Hell is many things to many people. To most of us Hell can be some unavoidable situation in this life: to my wife, driving across Italy without a GPS was Hell; so is turning left onto Manchester at rush hour. To those of a religious bent Hell involves an after-life. Dante's Hell had nine descending circles of torment; the Buddhist Hell has eight hot and eight cold horrible "Narakas"; the Mayan Xibalba was a subterranean city with many houses full of trials and tests. 

Great playwrights have shown us Hell: To Sartre, Hell was other people as in No Exit; to Bernard Shaw, as in Don Juan in Hell, it was comfort and boredom without intellectual stimulation. 

Theatre Nuevo is a smart young company now in its third season. They are presenting their version of Hell at the Chapel. This is a "devised" piece -- meaning it was developed as a collaborative effort among performers, designers, director, composer, and choreographer. The result is something of a scattershot. There are buckets of bright comedy and a number of strange, crisply executed dance vignettes. There is beautiful dramatic use of silhouette. There is much music and song. There are compelling moments of real human suffering. 

The overall evening (a brief hour and a quarter) has a sense of randomness. But within that semi-chaos there are three central stories that do indeed have a sort of story arc:

  • A young man (Kevin Corpuz) suffers deep depression. Common youthful social anxieties are terrifyingly amplified, the inane chat of his work colleagues becomes insufferable, his loneliness is abysmal and eternal. That sounds so ordinary and cliché, but the writing of these monologues is so perceptive and so real that it gave me the deepest sense of empathy for a depressive person that I've ever had. 
  • A young black Muslim woman (La'Brie Jones) lies in a hospital bed. She's dying of some lingering unspecified ailment. All she wants is someone to be close, to hold her hand, but so many things about her mark her as "other" -- someone not to be approached. She'd had one deep love, one comfort -- another girl, also a patient at the hospital. The telling of this love ("Oh, we weren't lesbians or anything") and the mourning of its loss is quiet and beautiful and true.
  • A young woman (Amanda Wales) spent her childhood protecting her younger sister from their alcoholic father. We see her as an adult (and an alcoholic). With great, kind, drunken beauty she mourns their lives. And she mourns her father who loved her -- and whom (despite all) she loved -- and forgives. It's heart-breaking.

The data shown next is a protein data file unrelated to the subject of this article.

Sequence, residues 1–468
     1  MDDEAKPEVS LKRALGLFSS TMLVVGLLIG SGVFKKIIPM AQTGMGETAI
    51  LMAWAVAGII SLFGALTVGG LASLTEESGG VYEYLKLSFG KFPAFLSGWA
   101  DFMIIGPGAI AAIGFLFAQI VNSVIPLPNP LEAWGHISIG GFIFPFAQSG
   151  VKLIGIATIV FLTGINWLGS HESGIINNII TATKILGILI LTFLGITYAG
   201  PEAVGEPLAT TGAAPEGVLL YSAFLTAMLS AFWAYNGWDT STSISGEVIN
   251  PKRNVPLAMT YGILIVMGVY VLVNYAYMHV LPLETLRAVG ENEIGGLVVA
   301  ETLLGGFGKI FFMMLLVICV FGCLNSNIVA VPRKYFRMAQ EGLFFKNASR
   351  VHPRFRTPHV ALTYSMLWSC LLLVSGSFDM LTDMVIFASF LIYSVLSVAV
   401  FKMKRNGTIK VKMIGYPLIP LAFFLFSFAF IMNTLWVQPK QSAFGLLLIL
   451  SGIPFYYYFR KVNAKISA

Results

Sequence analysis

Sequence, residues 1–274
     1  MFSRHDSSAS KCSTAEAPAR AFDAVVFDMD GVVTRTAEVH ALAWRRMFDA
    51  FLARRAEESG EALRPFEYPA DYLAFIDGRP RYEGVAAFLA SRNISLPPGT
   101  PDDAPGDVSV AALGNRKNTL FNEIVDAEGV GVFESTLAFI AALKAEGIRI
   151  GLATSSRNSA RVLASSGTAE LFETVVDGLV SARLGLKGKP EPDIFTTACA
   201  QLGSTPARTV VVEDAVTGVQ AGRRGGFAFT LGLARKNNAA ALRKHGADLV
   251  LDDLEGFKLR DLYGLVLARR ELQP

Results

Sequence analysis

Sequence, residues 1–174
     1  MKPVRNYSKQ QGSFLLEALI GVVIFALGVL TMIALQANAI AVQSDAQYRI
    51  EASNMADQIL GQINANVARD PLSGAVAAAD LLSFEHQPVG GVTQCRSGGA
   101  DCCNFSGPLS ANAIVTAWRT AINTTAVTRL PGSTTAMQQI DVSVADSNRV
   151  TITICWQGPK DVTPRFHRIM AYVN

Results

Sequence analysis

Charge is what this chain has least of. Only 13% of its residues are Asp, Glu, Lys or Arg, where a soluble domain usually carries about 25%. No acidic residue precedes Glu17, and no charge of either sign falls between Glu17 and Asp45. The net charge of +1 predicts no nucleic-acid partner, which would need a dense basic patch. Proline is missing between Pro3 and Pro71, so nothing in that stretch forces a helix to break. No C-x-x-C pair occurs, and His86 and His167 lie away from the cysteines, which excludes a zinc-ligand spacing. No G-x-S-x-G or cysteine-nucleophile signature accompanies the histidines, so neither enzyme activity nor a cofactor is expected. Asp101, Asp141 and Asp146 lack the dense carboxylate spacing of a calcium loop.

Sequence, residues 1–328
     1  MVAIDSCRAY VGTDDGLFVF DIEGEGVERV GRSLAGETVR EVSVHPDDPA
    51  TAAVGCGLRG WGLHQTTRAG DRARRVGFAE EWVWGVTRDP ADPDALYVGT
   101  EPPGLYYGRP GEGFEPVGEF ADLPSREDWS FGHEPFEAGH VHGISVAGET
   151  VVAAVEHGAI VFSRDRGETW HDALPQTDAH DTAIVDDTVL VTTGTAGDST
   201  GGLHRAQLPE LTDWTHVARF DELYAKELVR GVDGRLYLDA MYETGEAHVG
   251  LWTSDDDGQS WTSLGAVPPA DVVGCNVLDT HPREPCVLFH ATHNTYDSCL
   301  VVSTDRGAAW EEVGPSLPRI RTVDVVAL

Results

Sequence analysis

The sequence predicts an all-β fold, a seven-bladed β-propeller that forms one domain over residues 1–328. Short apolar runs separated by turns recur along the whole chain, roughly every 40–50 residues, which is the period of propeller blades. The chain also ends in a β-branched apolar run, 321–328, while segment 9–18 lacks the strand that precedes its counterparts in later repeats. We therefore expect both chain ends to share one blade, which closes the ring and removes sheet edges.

These small tales are told with warmth and stark honesty and with wonderfully mature compassion.

Elizabeth van Pelt and Rahamses Galvan spice up the evening as a couple of demons who spend their time orienting new arrivals or dreaming up new torments or running a "Wheel of Torture" game show. Both are full of devilish energy. Miss Pelt makes a sexy, scampering imp, and Galvan is wonderfully agile -- even when he suddenly appears in the most remarkable fat-suit I ever saw.

Marcy Wiegert gets credit for the delightful costumes and Geoffrey Alexander did excellent work as choreographer. The set, by Max Viau, is simply a great black-board on the floor and three gray boxes-- all covered in hundreds of hand-written messages from the denizens of Hell. (When you arrive allow yourself time to read some of these treasures.) The Chapel has limited technical resources, but Gabe Taylor makes the most of them in his very effective lighting and sound.

Charlie Mueller wrote the music and leads a fine small on-stage band: piano, guitar, percussion and cello. Vocals are by Marshall Jennings. Lovely work, all.

The hard acoustics at the Chapel are not kind. They make some of the song lyrics difficult to follow. For the dialogue this difficulty is aggravated by the seating of audience on both sides of a long central playing area. Thus for nearly half the time a speaking actor has his back to half the audience. Not ideal. 

But this is a minor flaw in an evening that is for the most part inventive, engaging and often moving.

Theatre Nuevo's Hell plays at the Chapel through January 29.

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